Our Line of Descent from William the Conqueror
by Bill Diederich

Every human being has ancestors, the number of which doubles with each preceding generation. Since there are approximately 30 years between generations, the number of ancestors grows rapidly as we go back in time. For example, if we could trace our ancestors back a thousand years in all lines, we would theoretically have 2,147,483,648 29 great-grandparents. This number is far in excess of the total world population of that time. Obviously, many ancestral lines stem ultimately from a relatively small group of people, and the lines cross and re-cross due to marriages between cousins.

Our most famous ancestor in the early years of the current millennium was Duke William II of Normandy, who invaded England on Thursday 28 September 1066 and defeated King Harold at the Battle of Hastings two weeks later on Saturday 14 October. William the Conqueror was then crowned King William I of England.

This article outlines the ancestry of William the Conqueror and describes the line of descent from him to us.

It was compiled largely from published sources. The information on William's ancestry is taken from William the Conqueror by D.C. Douglas. The information about William's descendants is taken from A History of Monmouthshire by Joseph A. Bradney. The information about Edward Nicholas of Llangynog and his descendants is based on my original research into Welsh and Pennsylvania records.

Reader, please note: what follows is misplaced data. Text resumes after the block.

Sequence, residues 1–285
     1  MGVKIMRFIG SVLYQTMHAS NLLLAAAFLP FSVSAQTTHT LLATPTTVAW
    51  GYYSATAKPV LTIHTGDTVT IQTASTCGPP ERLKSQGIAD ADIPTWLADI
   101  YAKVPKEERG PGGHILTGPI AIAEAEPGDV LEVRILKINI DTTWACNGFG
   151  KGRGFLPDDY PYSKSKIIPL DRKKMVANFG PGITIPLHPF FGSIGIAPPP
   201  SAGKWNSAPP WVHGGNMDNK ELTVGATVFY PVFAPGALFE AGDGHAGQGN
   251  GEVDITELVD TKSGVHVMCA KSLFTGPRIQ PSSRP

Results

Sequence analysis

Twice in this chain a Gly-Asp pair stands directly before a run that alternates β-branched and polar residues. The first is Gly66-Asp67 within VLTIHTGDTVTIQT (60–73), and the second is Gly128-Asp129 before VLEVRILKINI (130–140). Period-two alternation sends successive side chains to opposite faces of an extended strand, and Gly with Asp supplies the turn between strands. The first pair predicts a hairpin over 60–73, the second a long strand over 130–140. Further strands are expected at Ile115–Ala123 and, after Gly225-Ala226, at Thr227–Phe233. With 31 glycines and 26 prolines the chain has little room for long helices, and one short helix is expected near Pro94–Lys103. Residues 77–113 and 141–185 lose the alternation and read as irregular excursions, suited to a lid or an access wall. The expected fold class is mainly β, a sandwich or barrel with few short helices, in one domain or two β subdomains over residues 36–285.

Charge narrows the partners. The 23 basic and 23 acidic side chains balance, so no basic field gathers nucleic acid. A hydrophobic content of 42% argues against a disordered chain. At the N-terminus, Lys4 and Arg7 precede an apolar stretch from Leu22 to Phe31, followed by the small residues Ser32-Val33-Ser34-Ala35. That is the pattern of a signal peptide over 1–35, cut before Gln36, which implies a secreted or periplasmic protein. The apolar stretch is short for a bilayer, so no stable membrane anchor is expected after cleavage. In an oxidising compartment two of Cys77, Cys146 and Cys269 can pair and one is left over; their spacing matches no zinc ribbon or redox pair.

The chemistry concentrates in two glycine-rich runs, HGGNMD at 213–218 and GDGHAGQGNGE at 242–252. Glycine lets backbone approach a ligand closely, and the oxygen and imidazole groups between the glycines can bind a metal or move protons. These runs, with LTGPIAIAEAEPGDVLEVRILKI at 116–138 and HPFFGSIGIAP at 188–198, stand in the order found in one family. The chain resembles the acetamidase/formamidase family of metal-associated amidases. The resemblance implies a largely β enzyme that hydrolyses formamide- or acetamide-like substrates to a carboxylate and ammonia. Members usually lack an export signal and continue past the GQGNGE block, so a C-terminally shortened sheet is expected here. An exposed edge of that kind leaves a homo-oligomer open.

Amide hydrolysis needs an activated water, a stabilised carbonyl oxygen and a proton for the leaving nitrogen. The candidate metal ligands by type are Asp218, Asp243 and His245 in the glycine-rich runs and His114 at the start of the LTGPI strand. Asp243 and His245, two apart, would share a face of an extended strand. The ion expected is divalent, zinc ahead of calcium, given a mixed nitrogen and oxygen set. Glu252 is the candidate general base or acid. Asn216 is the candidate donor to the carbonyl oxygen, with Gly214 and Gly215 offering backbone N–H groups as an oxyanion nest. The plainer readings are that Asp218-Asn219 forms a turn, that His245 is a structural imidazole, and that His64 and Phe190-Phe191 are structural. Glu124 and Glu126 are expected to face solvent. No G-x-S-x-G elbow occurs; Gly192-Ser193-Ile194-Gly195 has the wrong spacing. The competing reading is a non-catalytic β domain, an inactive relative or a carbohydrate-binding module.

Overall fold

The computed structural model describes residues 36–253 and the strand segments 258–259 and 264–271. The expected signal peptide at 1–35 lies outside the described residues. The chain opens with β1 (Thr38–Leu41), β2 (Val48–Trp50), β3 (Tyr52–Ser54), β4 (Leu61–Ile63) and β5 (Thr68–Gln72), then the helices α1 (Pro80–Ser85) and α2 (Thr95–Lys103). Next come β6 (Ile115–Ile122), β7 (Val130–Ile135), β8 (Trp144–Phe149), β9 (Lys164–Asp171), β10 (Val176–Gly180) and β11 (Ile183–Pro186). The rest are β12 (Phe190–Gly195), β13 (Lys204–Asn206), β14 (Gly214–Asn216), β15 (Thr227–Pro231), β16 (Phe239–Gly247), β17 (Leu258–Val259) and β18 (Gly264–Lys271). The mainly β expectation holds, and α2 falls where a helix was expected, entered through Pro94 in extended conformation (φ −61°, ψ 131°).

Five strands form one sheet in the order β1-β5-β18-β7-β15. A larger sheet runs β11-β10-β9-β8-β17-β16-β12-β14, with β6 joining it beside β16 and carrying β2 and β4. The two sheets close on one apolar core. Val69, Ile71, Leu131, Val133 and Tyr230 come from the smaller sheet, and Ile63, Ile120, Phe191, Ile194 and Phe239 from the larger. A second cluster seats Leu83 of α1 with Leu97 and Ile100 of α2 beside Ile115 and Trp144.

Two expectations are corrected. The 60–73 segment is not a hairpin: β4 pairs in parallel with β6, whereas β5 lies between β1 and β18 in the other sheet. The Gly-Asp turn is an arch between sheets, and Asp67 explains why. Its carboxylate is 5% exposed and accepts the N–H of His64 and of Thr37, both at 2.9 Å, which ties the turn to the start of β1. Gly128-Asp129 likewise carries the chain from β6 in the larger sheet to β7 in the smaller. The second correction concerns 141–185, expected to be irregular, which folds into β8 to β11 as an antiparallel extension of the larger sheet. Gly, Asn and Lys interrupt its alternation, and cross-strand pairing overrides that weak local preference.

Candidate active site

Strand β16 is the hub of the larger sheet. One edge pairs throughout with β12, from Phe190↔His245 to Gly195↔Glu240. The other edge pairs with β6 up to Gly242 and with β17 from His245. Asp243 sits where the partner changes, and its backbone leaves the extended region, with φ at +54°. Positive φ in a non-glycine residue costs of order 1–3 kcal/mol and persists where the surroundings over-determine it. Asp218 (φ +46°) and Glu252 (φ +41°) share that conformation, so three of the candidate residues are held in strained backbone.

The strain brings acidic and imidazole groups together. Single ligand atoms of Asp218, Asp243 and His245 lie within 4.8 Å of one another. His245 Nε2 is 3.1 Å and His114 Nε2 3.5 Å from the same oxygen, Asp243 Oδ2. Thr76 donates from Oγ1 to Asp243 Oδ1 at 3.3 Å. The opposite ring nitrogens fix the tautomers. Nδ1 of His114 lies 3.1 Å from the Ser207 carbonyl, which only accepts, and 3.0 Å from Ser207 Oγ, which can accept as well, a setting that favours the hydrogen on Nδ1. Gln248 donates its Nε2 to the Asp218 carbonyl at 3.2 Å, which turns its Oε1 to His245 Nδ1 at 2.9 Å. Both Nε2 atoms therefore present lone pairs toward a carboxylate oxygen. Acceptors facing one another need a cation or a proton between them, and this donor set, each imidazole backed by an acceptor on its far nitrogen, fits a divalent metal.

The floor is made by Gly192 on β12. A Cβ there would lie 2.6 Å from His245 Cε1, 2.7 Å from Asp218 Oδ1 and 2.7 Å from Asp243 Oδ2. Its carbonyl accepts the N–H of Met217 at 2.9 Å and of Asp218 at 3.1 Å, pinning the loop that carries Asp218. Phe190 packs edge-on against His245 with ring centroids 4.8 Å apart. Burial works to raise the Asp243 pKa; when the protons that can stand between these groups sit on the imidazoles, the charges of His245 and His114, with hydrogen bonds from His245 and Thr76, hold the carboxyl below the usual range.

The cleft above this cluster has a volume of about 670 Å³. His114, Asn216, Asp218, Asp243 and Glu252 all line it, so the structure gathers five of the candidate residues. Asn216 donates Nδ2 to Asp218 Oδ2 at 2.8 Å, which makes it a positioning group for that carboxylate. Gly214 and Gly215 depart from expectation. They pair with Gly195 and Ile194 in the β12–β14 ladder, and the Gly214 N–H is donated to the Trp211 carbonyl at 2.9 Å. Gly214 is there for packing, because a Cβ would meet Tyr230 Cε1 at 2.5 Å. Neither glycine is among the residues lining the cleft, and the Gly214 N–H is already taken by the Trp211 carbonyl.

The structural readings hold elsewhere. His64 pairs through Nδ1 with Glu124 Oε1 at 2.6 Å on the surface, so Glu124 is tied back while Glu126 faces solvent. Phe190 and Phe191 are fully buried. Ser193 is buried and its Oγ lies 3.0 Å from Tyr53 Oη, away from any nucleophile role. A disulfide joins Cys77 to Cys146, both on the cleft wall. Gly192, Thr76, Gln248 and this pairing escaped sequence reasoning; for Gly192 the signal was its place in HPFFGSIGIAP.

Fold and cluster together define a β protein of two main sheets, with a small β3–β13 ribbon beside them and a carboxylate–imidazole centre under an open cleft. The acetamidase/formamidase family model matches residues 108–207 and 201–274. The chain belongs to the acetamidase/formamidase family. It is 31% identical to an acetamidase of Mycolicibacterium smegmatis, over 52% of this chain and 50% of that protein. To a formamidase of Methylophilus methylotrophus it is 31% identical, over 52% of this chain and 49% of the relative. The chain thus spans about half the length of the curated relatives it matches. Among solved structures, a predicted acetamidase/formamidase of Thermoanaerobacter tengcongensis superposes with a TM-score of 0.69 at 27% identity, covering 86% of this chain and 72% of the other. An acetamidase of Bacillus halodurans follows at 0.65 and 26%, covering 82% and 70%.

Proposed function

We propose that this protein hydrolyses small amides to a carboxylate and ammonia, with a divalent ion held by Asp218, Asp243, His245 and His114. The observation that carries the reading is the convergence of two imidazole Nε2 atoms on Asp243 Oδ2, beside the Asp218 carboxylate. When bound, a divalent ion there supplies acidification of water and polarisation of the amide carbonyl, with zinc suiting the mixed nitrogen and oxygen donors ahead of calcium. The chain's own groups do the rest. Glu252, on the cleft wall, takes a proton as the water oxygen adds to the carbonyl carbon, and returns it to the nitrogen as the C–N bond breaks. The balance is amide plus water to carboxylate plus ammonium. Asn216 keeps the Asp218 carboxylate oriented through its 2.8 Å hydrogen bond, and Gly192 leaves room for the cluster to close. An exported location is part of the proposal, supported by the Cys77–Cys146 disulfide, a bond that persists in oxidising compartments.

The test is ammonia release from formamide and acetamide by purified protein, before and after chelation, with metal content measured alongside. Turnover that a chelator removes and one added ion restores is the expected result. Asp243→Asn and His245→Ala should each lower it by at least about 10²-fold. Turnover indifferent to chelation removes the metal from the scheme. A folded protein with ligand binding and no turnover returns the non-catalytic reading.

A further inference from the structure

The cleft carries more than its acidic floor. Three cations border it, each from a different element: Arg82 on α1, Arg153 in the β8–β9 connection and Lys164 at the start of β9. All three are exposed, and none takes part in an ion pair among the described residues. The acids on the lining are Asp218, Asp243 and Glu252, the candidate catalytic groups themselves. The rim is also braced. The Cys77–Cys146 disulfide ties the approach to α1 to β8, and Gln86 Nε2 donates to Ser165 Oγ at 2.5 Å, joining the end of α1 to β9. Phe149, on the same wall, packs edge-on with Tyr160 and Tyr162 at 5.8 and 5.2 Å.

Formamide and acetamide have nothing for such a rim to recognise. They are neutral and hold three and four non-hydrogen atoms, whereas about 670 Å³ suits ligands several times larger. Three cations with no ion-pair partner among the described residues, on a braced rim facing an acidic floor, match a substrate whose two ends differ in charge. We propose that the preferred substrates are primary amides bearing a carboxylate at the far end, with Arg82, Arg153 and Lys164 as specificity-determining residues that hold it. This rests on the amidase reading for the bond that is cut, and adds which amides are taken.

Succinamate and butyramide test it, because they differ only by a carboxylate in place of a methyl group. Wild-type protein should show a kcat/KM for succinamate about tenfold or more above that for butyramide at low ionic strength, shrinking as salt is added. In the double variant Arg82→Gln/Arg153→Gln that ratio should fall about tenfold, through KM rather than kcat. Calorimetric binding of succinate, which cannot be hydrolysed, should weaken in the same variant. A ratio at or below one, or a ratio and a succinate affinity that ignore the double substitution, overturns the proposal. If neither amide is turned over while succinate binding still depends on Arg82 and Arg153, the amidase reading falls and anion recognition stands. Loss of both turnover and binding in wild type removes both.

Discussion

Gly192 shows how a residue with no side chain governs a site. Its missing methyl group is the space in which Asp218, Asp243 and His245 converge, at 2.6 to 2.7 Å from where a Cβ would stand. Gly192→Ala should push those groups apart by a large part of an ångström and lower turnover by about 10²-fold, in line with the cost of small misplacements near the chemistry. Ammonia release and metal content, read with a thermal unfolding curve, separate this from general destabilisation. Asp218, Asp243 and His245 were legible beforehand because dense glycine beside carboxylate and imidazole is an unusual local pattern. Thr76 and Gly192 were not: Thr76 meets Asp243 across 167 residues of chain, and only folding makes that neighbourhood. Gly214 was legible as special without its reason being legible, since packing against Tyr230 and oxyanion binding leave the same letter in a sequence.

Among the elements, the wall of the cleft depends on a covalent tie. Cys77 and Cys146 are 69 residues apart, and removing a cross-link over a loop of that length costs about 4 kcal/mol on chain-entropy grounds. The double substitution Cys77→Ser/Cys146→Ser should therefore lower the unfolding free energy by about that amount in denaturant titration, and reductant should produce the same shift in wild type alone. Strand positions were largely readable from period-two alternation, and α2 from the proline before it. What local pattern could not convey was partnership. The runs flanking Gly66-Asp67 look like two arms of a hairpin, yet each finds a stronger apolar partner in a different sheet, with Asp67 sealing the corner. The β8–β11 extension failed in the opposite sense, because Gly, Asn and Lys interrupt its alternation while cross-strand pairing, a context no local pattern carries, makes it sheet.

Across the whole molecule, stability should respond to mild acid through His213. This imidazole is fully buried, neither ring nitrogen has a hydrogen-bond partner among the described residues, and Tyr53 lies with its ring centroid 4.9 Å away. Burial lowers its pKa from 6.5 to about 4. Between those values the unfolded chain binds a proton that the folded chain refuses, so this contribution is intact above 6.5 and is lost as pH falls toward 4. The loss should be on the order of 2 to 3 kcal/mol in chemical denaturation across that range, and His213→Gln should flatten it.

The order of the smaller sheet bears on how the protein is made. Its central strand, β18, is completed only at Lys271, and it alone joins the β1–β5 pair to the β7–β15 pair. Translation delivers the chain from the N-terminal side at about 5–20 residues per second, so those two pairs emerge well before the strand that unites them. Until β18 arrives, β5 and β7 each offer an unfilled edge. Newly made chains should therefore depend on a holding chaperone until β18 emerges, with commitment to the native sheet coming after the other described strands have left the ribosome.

Read the article here: Our Line of Descent from William the Conqueror

Stories of the Families
by Joseph V. Phillips

This is the story of more than 200 families connected to the Slane, Elliott, Souther, Clark, Gentry, Taylor, Allison, Carr and many other related families whom I have researched over the past 50 years. It will be a story of the human side of these hardy, heroic, sometimes saintly, sometimes devilish folks, our grandparents, who have come down through history since Adam and Eve. We’ll spin true yarns about some of these ancestors. It’s a pity we can’t tell the stories of them all.

This book will be illustrated with many photographs of places and people directly involved with our genealogy, including tombstones, farms, ranches, castles, fortresses, rivers, multiple great grandfathers and grandmothers, and maps charting their march through history.

Read the book here: Stories of the Families